Karrikin combines a distillery, brewery, bar and restaurant in a gigantic former warehouse located in what feels like a no-man’s land of industrial buildings between Mariemont and Mount Lookout. As obscure as the location seemed when we arrived on a stormy night, we nevertheless had trouble finding a parking space in either of the two large lots. A whole bunch of people quite obviously weren’t put off by the incongruous setting for what has become one of the “it” spots in Greater Cincinnati.
We finally found a space in the gravel lot behind a loading dock and crunched through a muddy path to the front door, where we stepped into the raucous main bar and found a host station. To our left, we could see the dining room — as cavernous as the bar and distillery areas in front of us, but which we hoped would feel noticeably less boisterous than the bar.
The Karrikin project — and the scale of this enterprise definitely has the feel of a project — is the brainchild of an impressive group of men with expertise ranging from interior design to brewing, sales and marketing, and yes, culinary arts. The executive chef, Jared Bennett, served for six years as sous chef and then chef de cuisine at Metropole, one of my absolute favorite restaurants in town. Even inside a warehouse — or distillery, industrial building, whatever it is — you can safely expect delicious food to come out of Bennett’s kitchen.
And the restaurant staff is bolstered with a team of Bennett’s fellow alums from Metropole. They include chef de cuisine Christopher Davis, sous chef Meagan White and beverage manager Chris Brown.
We did have a reservation for our dinner, which was a lucky thing since the wait can run up to an hour or two if you show up on a Friday or Saturday without planning ahead. The host staff seated us promptly at a table near the back of the dining room, which alternates tabletops with a couple areas of sofas and lounge chairs for more casual eaters. And while the noise level did diminish compared to the front room, the ambiance was very energetic.
Once we settled in, the first order of business at a distillery and brewery — quite naturally — was to decide what to drink.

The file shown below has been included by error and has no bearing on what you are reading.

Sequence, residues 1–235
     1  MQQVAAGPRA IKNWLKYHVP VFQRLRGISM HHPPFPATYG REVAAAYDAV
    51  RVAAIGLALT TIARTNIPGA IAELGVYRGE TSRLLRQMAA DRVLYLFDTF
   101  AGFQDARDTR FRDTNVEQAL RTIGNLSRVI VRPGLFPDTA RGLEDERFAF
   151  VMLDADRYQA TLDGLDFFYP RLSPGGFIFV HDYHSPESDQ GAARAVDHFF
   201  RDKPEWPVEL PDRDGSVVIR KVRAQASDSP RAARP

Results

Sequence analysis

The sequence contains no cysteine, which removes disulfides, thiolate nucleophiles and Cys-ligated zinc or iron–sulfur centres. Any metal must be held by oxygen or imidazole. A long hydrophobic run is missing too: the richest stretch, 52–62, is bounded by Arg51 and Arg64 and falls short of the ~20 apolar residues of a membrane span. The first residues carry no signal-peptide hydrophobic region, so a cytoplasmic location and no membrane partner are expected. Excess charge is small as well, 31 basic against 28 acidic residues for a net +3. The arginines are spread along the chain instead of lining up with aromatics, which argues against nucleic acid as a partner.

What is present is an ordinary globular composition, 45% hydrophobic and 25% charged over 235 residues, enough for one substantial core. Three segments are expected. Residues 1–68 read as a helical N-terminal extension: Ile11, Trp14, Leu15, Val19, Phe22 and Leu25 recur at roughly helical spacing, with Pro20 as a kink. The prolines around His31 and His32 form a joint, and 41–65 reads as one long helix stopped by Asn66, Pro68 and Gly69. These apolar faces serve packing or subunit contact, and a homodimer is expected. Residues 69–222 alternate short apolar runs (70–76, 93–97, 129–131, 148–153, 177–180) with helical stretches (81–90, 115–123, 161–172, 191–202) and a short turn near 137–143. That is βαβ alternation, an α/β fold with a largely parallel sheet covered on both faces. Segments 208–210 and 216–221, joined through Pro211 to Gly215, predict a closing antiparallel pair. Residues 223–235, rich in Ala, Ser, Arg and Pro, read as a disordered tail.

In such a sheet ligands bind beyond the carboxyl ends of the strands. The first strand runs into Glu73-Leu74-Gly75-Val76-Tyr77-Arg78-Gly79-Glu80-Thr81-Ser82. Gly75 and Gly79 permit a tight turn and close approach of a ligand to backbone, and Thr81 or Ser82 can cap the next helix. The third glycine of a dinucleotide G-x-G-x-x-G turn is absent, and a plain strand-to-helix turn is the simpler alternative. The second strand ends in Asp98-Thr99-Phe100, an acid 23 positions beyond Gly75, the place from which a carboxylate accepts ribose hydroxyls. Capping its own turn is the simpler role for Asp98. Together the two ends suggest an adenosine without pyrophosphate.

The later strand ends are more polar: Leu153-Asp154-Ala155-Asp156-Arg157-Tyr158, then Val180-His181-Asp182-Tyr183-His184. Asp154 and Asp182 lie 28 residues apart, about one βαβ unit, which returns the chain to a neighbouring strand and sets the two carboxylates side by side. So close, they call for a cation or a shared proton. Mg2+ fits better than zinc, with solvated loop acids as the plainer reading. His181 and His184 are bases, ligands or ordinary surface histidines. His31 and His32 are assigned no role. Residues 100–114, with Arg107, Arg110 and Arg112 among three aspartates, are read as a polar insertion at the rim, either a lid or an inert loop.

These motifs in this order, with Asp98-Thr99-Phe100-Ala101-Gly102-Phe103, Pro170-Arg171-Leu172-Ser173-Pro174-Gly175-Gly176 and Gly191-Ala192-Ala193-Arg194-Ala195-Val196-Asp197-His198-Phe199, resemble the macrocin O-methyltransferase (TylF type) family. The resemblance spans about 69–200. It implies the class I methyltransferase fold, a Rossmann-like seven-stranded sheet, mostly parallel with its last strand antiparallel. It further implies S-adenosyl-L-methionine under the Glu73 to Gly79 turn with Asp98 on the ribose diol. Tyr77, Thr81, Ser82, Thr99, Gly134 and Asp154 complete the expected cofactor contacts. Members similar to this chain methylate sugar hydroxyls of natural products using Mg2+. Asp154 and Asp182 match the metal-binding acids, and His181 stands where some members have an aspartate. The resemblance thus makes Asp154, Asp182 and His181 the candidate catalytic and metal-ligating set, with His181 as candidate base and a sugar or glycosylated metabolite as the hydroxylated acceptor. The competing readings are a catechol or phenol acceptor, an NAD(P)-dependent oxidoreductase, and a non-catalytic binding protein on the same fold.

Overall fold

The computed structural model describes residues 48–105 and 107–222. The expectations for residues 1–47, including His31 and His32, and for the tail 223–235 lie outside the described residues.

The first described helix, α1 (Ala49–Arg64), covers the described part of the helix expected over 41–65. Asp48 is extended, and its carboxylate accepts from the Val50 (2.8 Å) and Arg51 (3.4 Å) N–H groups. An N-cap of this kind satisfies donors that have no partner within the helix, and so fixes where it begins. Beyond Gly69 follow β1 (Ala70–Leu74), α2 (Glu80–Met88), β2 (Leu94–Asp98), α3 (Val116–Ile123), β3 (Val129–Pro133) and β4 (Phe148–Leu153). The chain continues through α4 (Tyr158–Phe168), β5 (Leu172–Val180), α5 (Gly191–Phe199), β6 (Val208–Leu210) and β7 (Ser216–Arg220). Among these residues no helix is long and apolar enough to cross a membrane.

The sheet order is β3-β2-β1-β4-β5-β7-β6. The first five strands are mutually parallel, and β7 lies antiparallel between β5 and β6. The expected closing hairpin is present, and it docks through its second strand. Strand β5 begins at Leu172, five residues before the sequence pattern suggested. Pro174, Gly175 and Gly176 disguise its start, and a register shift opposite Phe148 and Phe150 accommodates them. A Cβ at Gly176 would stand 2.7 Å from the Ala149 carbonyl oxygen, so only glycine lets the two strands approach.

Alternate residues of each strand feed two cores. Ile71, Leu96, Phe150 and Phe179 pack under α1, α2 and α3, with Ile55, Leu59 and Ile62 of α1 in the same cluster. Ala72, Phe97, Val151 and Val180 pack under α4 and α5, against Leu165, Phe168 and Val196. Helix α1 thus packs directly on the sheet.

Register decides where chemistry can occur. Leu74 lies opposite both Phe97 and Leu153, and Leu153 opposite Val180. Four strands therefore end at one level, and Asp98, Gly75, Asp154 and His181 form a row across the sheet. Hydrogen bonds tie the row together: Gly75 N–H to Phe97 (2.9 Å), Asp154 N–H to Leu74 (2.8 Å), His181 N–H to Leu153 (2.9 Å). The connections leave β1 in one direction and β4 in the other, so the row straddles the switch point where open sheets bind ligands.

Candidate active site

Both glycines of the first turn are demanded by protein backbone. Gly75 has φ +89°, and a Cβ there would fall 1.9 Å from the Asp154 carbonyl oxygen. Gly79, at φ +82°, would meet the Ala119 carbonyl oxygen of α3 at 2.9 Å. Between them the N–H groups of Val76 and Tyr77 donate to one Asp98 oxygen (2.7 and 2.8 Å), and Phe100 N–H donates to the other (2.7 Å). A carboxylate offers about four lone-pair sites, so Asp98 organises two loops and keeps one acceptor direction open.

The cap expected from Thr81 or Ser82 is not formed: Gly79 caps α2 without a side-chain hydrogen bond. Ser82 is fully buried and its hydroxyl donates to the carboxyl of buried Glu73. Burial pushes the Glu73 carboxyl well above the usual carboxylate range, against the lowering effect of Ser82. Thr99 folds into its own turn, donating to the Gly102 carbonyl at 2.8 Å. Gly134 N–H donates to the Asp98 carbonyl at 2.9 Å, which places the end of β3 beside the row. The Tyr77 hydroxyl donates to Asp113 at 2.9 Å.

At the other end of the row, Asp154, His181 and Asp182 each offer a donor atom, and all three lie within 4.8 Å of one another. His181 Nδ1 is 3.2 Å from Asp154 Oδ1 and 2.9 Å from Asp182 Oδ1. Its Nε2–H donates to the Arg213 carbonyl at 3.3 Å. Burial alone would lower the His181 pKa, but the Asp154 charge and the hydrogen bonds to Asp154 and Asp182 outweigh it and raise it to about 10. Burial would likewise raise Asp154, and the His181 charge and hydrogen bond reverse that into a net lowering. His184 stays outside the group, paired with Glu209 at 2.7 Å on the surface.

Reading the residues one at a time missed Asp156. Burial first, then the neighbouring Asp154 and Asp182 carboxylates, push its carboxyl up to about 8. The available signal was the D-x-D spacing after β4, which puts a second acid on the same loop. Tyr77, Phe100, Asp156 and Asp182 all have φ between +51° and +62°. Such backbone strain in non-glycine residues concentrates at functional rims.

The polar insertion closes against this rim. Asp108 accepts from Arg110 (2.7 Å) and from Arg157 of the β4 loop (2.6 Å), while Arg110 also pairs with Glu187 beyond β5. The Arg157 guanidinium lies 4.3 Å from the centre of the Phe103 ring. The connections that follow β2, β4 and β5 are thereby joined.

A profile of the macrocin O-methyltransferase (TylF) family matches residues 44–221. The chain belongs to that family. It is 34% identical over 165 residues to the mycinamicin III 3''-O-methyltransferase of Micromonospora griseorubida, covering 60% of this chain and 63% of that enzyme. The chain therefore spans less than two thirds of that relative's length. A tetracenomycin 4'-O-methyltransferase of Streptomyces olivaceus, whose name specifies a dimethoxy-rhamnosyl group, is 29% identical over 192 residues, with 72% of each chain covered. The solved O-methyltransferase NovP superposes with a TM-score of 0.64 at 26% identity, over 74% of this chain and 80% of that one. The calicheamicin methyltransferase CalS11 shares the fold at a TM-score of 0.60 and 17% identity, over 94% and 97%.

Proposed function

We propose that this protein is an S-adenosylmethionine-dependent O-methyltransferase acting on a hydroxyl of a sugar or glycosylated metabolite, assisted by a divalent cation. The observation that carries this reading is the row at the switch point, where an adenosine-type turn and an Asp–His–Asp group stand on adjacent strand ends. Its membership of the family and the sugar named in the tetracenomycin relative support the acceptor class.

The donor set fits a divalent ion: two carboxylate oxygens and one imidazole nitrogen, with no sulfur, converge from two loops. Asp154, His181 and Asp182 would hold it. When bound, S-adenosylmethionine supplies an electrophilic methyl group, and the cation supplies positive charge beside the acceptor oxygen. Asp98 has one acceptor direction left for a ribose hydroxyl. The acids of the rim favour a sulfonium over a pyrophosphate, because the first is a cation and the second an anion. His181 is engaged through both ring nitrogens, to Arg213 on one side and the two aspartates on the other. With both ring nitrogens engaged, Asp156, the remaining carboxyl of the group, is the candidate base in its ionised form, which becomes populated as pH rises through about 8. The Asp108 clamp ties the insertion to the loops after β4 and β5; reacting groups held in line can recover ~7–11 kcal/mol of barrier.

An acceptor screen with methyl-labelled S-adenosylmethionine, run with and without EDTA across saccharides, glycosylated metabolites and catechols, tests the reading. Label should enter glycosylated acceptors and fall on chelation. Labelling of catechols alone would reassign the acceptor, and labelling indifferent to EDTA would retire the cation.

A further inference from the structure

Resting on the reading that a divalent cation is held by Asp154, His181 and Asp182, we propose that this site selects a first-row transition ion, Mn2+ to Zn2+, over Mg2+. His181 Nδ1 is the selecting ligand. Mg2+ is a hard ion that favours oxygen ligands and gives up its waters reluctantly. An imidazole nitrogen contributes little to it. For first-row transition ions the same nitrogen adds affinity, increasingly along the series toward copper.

The three-page beverage menu starts with a description of the eight spirits made in-house: two gins, vodka, rum and agave/tequila along with a rice-based liquor called Shifu, apple brandy and apricot brandy. Below that are 10 house cocktails and a few mocktails featuring housemade non-alcoholic sodas and shrubs.
If none of that suits your mood or taste, page two covers Karrikin’s own draft beers and hard pop, and after that a short list of wine offerings.
As it happened, we all started with one of the house cocktails ($8-$9). The one that stood out for me combined Karrikin white rum, dry vermouth and orange bitters.
Our server helped us navigate the food menu, which contained a fair number of unfamiliar terms. He discouraged us from ordering our eats in courses. “Each dish will come out when it’s ready,” he said, and we agreed to that plan. Bad idea.
Among four of us we chose at least eight items, and every one of them showed up at our table within five minutes of each other. Unless you want to have some of your food get cold and the table to get so overloaded that you’re rushing to finish a dish so the server can clear off the plates, order a few items at a time.
As it happened, dish after dish kept arriving while we gamely tried to keep up with all the food.
We tried items from up and down the menu — everything from beef heart pastrami with sauerkraut fritters ($8) to shaved Brussels sprouts and apple salad ($9) and sliced pork shoulder with polenta and kohlrabi ($12). A chilled dish I enjoyed was jicama and cucumber salad with crabmeat and sesame seeds ($12). The Brussels sprouts were served cold, surprising us, but we were pleased with the flavors and counted it among the winners.
My hands-down favorite combined creamy, roasted cauliflower with crunchy grains — not sure if it was rice or quinoa — in a savory sauce ($8). (The menu lists wild rice.) Butternut squash spaetzle ($12) had both richness and delicacy and it, too, was enhanced by a sprinkling of crisp pecans. I’m all about texture contrasts and appreciate something crunchy in almost any dish, sweet or savory.
We encountered a few misses along with the hits. A couple of the cocktails were lackluster, and the scallops ($16) had been over-salted to the point of being almost inedible. We found the baked cheese curds ($10) rather puzzling, as they didn’t look like the little nuggets we are used to. The cheese board ($12) would have been nice with drinks as a true appetizer but piled on the table along with salads and hot dishes, it became extraneous.
And what’s with the name, Karrikin, you might ask? Wikipedia says karrikins are “a group of plant growth regulators found in the smoke of burning plant material.”
It seems like a stretch, but as I interpret it, the ownership team makes a connection between this process and the distillation of grains to make liquor, and also the alchemy involved when humans cook food.
Or as a promotional blurb from Karrikin explained, “the same fire that stimulates new growth and renewal is the vision and passion we have for Karrikin Spirits Co.”
“The original idea was to be a brewery that does cocktails, and then it just took off,” Bennett said.
Judging from the East Side multitudes making their way to an obscure corner of the ’burb of Fairfax, I’d have to agree that Karrikin definitely has taken off.
Karrikin Spirits Co., 3717 Jonlen Drive, Fairfax, 513-561-5000, karrikinspirits.com.